This "arbitraryness" is most evident in "nicknames and surnames."

To put it simply, surnames are formed directly based on a person's physical appearance. Hair color, height, and even personality can all play a role in the "surname" issue.

For example, a person with light hair and a nickname "Beriyak" that alludes to white, so "Beriyakov" can become the inherent surname of himself and even his descendants;

If the face is a little crooked, it may have the surname "Krivoshekov";

Walk fast, and you can give yourself the card of "Skoro Khodorov";

Petukhov is also one of the most common surnames in Russia, derived from "rooster", which describes a combative person;

This can also prove why the surname of the great writer Leo Tolstoy is translated as "fat";

Lomonosov, the founder of Moscow University, is even more "nonsense", because Lomonosov means "one with a broken nose".

Then again, although Russian surnames are "willful", they also hide a mystery. For example, some surnames are like a business card, which can tell you the ins and outs of a family without a lot of words.

This has to refer to the unique "father name" in Russian surname culture.

The so-called rich have father names, and the poor have nicknames.

Ancient Russian literature records that for a long period of time, Russians without surnames dealt with people, relying on their fathers and nicknames.

The father said that the answer is "who is the father" and "you are the child of so-and-so". After a long time, some father's names have been passed down and become the "strongest nourishment" for Russian surnames.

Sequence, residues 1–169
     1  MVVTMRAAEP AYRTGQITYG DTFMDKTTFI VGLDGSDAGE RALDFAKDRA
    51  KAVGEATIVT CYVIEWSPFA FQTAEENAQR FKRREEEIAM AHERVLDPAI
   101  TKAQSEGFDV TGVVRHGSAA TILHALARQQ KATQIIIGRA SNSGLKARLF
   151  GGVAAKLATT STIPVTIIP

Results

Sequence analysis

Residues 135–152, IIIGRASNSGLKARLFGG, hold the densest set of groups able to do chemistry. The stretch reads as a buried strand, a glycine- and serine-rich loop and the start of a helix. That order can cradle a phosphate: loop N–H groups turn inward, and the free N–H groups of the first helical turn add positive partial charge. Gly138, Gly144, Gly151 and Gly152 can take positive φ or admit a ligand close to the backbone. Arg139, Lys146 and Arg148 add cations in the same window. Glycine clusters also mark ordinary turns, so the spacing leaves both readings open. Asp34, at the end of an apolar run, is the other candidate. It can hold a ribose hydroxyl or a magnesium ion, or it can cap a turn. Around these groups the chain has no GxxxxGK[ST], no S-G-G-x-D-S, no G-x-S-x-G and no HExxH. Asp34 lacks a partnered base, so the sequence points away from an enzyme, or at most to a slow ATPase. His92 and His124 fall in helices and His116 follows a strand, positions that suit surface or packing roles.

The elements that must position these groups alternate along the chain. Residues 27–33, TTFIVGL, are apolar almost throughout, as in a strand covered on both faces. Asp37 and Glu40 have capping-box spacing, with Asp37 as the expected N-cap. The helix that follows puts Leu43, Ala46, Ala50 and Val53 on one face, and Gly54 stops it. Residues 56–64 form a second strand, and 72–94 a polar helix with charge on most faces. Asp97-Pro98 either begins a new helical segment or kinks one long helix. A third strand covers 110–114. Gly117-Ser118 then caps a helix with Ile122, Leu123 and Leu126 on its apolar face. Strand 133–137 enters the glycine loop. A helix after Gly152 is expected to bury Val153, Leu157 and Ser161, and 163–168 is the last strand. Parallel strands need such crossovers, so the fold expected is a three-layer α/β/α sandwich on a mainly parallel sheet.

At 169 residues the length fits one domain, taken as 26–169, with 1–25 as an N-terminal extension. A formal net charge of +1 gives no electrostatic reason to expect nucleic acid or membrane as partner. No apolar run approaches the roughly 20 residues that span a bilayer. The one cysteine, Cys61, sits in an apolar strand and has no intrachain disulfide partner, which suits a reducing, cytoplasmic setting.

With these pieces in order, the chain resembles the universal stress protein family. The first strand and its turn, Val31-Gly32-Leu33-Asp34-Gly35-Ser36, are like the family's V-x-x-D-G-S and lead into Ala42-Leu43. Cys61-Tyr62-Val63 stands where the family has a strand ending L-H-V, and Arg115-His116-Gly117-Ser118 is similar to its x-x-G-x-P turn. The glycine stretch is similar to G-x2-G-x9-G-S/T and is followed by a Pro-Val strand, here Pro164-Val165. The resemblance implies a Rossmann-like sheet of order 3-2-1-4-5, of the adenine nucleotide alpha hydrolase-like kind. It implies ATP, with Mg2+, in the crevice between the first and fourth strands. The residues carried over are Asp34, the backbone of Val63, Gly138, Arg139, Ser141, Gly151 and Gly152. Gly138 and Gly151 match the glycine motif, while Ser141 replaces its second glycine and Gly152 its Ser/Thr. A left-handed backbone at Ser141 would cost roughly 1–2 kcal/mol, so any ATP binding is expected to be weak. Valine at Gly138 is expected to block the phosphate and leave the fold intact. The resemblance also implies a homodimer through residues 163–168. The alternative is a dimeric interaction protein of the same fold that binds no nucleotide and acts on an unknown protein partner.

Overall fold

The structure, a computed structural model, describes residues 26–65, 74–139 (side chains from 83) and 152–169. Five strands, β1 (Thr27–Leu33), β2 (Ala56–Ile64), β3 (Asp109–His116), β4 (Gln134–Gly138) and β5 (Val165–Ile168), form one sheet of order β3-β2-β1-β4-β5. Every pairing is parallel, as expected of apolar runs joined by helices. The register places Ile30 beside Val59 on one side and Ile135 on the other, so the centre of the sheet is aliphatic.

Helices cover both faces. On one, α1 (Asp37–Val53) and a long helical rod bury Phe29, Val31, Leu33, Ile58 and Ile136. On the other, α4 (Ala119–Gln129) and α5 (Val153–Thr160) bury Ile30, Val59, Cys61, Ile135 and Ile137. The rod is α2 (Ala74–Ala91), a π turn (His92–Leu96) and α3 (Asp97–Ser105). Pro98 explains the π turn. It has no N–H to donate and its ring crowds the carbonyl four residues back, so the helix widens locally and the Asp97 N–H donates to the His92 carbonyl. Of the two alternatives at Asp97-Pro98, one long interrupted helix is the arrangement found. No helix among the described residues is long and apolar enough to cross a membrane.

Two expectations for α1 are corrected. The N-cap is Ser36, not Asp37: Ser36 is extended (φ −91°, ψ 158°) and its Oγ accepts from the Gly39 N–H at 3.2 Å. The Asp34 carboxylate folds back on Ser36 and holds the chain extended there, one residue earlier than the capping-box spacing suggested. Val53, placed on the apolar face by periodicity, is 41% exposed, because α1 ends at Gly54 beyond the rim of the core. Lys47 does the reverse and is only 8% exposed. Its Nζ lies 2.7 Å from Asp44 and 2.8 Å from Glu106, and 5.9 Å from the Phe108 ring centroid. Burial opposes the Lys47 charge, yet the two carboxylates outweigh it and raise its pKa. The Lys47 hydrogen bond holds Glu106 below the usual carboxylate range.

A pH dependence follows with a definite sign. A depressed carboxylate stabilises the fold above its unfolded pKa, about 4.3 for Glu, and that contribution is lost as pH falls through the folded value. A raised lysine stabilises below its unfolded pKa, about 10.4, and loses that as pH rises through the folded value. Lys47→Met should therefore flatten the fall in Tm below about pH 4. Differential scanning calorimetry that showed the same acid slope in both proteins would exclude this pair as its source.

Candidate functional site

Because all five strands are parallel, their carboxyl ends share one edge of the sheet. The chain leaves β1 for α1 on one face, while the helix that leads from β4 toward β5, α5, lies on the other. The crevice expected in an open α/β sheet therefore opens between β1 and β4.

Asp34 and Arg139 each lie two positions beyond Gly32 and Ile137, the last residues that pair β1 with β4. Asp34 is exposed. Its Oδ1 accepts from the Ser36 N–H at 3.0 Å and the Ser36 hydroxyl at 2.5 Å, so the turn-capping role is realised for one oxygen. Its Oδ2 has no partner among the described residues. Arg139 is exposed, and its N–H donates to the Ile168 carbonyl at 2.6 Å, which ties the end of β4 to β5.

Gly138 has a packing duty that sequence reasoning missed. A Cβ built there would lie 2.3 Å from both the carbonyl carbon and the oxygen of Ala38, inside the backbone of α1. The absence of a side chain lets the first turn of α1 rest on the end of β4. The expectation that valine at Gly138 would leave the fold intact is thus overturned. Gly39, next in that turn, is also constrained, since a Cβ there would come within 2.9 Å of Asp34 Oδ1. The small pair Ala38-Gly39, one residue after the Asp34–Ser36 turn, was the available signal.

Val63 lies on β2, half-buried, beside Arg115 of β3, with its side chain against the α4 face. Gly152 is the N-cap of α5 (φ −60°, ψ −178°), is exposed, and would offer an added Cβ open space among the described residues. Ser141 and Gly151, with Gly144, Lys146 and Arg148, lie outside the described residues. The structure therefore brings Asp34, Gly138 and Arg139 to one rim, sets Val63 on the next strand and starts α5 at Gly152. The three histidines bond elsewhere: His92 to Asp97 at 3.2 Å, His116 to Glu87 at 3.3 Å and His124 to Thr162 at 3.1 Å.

According to statistics by Vladimir Andreevich Nikonov, a humanist in the Soviet era, there are ten surnames most commonly used by Russians, namely Ivanov and Kuzne. Zov, Smirnov, Popov, Vasiliev, Petrov, Federov, Sokolov, Mikhailov and Shostakov.

It is worth mentioning that the father name is often grammatically added with a suffix after the father's name, but the grammar of the father's name is different for men and women. Generally speaking, the male suffix is ​​mostly translated as Vicki, and the female father's name is often translated. Most of them end in feminine, which translates to X Na and X Wa.

From this point of view, "Nove" is blooming everywhere, and if you go deep into it, it can really involve the blood inheritance of a large family.

There is a Russian proverb - Ivan with a name and a fool without a name.

Among them, Ivan is one of the most common male names in Russia, which also shows that the first name is more important to Russians than the random "surname".

Therefore, in front of "surname", the history of "name" has become a long river flowing through more than ten centuries.

In the ancient Russian period before the 10th century, the people of this vast area had their own names. At this time, the name has no tricks, how can it be convenient. Therefore, appearance, character, behavior, and occupation have become the "reference materials" for people to name.

According to research, people at this time will also give their children some names that are not very catchy, such as Fool and Mazi. Everyone believes that the more "unpleasant" the name is, the more magical protection it can produce. At least when the devil hears these names, the desire to come and kidnap the child must be less than half.